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Immigration in Italy: An overview

  • Venditto, Bruno
  • Caruso, Immacolata

The expansion and the rooting of non European immigrants which is taking place in the more advanced European countries, mirror a world context which is marked by imbalances both in terms of growth and welfare. A correct analysis of migration, of its structural characteristics and of the new dynamics of migration flows must consider the globalisation process as well as the effect that this is having with regard to the movement of people, in this context the pull and push factors mutually reinforce a phenomenon which can influence either in a positive or in a negative way the international relationships among countries. In the last quarter of the century, a steady increase of migrants have crossed Europe; this has generated a complex relationship made of integration and rejection, adaptation and conflicts, which has influenced all aspect of both economic and social life, producing new phenomenon, giving birth to new problems which require new approaches and solutions. Italy is part of such depiction since has witnessed in the last decades, a solid influx of immigrants which have increased with a high rate of growth. In fact in 2006 Italy with 2,938,922 legal immigrants, appears to be among the major destination of migrants in Europe, following Germany, Spain and France with 7,287,980, 3,371,394 and 3,263,186 immigrants respectively and just before Great Britain with 2,857,000 immigrants. Using the available statistical data, disaggregated at national, regional and provincial level, it will be possible to have an overall picture of the phenomenon described above and to compare the Italian case with the events in the other European countries. In this way we can have a better understanding of the process underlying migration in order to identify future scenarios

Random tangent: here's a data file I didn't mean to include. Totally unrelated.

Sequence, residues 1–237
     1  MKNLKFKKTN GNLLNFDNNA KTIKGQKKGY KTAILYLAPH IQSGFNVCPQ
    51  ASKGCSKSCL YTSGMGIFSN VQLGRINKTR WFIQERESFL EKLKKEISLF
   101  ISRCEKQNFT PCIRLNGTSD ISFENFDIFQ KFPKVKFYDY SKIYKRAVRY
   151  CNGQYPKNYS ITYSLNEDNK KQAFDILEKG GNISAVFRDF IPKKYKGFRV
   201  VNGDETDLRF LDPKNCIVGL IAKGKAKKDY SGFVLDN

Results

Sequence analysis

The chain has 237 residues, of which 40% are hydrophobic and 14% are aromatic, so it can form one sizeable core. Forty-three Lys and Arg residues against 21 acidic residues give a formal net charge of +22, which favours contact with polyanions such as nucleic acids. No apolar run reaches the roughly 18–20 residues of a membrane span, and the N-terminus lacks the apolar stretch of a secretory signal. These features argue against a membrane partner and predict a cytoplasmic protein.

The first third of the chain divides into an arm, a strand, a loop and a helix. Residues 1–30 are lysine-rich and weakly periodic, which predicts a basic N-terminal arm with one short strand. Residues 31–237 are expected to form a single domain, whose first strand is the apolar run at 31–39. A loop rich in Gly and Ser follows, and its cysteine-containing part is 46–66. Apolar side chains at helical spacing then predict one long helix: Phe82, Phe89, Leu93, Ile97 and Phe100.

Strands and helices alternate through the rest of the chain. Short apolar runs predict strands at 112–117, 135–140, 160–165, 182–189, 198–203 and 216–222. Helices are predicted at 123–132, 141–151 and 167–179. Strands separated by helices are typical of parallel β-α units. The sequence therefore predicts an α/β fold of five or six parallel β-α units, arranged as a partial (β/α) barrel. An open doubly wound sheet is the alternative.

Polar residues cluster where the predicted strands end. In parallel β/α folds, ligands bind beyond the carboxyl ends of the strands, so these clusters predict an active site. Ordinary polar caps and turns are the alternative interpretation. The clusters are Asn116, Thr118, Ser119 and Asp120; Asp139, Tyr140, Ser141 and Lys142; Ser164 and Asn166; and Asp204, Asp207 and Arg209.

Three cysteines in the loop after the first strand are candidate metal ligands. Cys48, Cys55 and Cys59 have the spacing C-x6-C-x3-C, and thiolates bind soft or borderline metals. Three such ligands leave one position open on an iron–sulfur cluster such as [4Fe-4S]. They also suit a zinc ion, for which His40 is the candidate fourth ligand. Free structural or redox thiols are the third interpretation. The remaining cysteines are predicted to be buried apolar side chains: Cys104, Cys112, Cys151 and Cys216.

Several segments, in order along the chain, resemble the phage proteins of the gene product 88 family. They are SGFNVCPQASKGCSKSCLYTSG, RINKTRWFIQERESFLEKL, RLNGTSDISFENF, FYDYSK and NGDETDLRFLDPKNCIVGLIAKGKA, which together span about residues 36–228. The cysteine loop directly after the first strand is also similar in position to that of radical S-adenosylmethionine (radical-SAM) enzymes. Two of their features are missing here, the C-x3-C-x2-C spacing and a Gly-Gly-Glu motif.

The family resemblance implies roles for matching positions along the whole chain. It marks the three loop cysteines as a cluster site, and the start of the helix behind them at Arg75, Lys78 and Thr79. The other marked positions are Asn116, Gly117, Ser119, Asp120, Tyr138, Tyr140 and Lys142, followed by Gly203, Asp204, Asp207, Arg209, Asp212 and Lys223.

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Paper provided by University Library of Munich, Germany in its series MPRA Paper with number 11820.

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Date of creation: Nov 2007
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Handle: RePEc:pra:mprapa:11820
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